When it comes to home insulation and energy efficiency, a bale of straw may seem like something only the Amish do, but in fact, straw bale insulation has turned out to be an excellent green building element.
In the class of unusual home building elements, is straw really a far fetched concept for insulation? Don’t worry, the big bad wolf is not going to blow this energy efficient home over. Straw bale homes are ultra sturdy, surprisingly fire resistant, and excellent at controlling the temperature in your home.
So, how can a commonly underutilized, agricultural waste product be used to insulate your home and be green?
1.) Renewable– It’s a renewable resource which is typically composted or burned.
2.) Low Embodied Energy – Unlike manufactured insulation materials, straw is natural and non-toxic, plus it doesn’t require much processing and delivery to a building site.
3.) Less Wood for the Frame – Replacing “stick frame” walls with bales can cut by half the amount of timber needed in a modern home, reducing demand on forest resources.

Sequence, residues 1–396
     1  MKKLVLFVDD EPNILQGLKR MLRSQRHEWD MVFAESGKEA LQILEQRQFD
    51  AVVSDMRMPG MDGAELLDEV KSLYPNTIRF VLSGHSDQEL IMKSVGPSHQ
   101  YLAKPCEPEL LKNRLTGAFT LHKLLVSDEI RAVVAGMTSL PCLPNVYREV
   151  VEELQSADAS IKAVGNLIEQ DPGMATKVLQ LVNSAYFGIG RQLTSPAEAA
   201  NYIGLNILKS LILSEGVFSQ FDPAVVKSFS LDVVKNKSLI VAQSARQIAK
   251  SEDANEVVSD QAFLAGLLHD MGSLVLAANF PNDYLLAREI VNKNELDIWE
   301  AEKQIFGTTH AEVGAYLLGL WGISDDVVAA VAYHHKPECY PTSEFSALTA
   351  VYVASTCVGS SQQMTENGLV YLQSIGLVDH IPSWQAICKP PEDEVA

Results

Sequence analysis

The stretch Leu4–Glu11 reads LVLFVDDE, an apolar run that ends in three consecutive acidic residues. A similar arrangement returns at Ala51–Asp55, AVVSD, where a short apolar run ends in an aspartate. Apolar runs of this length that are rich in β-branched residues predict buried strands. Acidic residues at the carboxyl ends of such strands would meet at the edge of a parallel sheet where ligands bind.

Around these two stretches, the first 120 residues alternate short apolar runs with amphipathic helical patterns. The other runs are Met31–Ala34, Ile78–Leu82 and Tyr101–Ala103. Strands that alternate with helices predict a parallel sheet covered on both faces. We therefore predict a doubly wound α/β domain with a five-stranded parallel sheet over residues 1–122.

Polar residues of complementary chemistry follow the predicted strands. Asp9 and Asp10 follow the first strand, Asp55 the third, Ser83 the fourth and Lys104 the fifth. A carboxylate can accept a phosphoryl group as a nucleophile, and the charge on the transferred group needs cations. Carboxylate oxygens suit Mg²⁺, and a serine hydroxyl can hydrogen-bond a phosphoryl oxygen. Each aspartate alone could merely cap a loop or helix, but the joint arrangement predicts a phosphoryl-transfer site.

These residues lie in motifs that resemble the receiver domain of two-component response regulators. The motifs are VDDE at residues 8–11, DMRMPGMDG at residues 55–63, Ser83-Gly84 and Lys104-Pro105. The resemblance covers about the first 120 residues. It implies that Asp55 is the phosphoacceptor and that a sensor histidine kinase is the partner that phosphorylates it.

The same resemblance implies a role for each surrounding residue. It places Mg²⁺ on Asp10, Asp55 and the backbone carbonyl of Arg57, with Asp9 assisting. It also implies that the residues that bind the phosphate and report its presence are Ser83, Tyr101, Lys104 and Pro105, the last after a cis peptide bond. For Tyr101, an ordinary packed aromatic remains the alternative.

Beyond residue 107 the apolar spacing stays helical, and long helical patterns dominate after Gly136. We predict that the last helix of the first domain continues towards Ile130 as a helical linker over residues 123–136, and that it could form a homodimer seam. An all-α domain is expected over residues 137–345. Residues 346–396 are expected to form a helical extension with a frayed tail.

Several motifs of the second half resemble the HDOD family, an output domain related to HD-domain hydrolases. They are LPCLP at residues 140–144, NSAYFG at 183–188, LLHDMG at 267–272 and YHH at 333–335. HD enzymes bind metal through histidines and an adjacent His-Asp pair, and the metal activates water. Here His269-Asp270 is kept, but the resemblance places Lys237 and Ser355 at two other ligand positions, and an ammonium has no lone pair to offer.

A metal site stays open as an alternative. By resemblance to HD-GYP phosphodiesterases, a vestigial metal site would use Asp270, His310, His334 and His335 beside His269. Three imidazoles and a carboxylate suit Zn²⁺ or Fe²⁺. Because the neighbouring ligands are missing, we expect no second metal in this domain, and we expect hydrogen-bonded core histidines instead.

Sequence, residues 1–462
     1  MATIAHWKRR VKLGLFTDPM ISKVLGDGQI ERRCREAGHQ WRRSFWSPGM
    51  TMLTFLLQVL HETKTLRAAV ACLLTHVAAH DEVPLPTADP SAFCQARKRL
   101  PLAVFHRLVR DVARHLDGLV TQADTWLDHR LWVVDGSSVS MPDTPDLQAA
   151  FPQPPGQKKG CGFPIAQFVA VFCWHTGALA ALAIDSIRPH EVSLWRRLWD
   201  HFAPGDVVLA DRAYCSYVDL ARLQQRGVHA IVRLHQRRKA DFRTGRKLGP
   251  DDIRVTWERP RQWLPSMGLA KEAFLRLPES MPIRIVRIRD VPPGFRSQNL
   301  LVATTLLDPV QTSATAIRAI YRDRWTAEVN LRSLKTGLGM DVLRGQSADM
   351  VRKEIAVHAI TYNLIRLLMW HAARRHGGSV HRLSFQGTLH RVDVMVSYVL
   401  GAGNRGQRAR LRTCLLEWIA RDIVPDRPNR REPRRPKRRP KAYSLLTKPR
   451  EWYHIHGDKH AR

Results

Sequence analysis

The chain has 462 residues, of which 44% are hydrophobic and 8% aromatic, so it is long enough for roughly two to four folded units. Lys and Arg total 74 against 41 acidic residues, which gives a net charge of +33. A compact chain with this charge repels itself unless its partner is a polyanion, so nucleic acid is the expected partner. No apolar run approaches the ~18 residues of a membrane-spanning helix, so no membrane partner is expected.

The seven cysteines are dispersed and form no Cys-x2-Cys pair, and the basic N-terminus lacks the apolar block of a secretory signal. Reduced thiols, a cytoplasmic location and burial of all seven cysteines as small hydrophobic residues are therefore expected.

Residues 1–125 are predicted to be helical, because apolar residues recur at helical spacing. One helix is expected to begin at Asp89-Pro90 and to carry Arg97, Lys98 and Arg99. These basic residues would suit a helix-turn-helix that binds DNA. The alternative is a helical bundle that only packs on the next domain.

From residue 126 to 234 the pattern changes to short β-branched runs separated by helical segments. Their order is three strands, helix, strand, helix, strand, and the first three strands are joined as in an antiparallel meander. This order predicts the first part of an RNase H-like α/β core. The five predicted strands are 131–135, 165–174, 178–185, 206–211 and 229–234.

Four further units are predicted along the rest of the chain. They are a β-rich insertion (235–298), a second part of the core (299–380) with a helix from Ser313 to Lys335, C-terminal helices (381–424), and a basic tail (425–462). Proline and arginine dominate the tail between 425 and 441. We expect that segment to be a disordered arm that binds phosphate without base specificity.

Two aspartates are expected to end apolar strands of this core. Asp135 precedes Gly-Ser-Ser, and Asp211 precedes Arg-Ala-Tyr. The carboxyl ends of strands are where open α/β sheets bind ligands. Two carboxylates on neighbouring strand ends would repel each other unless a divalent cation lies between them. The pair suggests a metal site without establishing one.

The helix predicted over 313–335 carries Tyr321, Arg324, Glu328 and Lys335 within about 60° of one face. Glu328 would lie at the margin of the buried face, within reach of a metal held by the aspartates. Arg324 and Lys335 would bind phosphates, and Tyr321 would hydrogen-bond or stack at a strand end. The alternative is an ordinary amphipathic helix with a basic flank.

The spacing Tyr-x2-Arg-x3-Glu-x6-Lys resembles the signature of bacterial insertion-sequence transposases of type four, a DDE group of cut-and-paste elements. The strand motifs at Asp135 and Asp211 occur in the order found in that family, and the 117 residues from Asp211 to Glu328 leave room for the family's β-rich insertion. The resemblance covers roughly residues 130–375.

4.) Great Climate Control – Bales offer super insulation from the heat or cold or noise outside, providing a quiet, comfortable living space with modest life-time energy requirements
Ok, so it sounds like the ultimate ‘green’ building material, but wouldn’t it burn easily?
Should a fire get started, lab tests and experience have shown that foam insulations ignite at low temperatures and release poisonous fumes, and wood studs and trim will burn readily. But straw bales, compressed and sealed with plaster, are starved of oxygen and resist combustion. Good news for your family, because if they do catch on fire, they merely smolder, allowing precious time for anyone inside to exit safely.
Straw bale homes also have aestetics as well. Earthen plasters that cover and support the bales are used to give the home a very warm, modest feeling to your home.
So what’s not to love about straw bale insulated homes? They’re renewable, energy efficient, and fire resistant. The three little pigs have nothing on the straw homes of today!
Photo credit: whiteravenphotoFlickr Creative Commons